Amsterdam 'coffee shops' stay open for tourists

Sat, Nov 3, 2012, 00:00

ALMOST TWO million tourists who visit Amsterdam every year to consume cannabis in its famous “coffee shops” will still be able to get stoned legally after January next, despite fears that a controversial new ban would exclude foreigners.

Although the ban will still come into effect across the Netherlands in the new year, the new Liberal-Labour Party coalition government has given local councils the power to opt out – and the mayor of Amsterdam, Eberhard van der Laan, says the city’s 220 cannabis cafes will remain open to everyone.

The tighter regulations were proposed by the Liberal-Christian Democrat coalition that lost power last April, and the new opt- out clause is part of a wider rethink that will substantially relax plans to turn the coffee shops into private members’ clubs open to Dutch residents only.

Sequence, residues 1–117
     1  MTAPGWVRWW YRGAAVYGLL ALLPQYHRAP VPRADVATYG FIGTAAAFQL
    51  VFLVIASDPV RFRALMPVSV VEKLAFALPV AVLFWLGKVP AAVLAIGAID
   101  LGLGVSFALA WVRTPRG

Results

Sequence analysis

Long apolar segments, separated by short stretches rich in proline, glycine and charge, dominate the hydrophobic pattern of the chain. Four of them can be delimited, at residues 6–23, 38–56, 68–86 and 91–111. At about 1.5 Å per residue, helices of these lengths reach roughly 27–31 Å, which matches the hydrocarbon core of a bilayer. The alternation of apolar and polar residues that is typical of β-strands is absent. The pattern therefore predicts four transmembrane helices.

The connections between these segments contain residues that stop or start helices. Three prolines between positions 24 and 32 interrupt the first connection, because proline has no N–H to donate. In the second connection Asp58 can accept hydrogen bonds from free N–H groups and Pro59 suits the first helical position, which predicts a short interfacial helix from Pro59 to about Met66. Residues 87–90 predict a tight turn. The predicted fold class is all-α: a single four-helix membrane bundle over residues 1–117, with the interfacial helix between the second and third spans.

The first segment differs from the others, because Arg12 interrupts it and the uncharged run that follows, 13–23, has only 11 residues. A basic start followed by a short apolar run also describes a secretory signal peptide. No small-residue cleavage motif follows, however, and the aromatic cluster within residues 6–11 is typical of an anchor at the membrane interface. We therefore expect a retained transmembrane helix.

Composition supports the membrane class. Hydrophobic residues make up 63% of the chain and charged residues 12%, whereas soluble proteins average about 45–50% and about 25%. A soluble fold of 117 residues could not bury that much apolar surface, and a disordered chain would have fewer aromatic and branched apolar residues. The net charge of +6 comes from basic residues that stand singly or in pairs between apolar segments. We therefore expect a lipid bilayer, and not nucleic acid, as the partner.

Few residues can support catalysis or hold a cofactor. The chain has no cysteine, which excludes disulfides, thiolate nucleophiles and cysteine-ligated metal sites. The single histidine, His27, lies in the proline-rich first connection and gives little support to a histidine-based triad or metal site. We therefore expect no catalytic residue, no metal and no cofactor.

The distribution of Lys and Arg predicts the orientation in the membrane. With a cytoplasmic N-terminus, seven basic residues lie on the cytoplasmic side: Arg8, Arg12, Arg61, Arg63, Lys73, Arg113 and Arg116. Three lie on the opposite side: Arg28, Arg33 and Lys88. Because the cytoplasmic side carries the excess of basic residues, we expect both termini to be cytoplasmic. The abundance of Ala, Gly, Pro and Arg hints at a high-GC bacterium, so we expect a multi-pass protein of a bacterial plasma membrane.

The rethink will also abandon the hugely unpopular requirement that even Dutch users of the cafes would have to register for a wietpas or “weed pass”, which customers maintained was an unacceptable invasion of their privacy and coffee shop owners said would ruin their businesses.

However, the new government says customers will have to be able to present evidence of age to prevent sales to minors, and it is to go ahead with a plan to place a maximum limit on the level of THC – tetrahydrocannabinol, the active ingredient in cannabis – in the drugs on sale. A ban on so-called “drugs tourists” was introduced on a trial basis in the south of the country on January 1st last in response to complaints about public nuisance – but a recent report by Maastricht university said one result of this had been a noticeable increase in street dealing, including to young teenagers.

Mr van der Laan, a consistent critic of the proposed ban, has welcomed the opt-out.

“A ban would have undone all the good work that has been achieved in recent years. We would have seen more robberies, more arguments over fake drugs, and less quality control – all the old problems would have come back.”

Other cities such as Rotterdam and Haarlem have been similarly critical – and are also expected to try to sidestep the ban.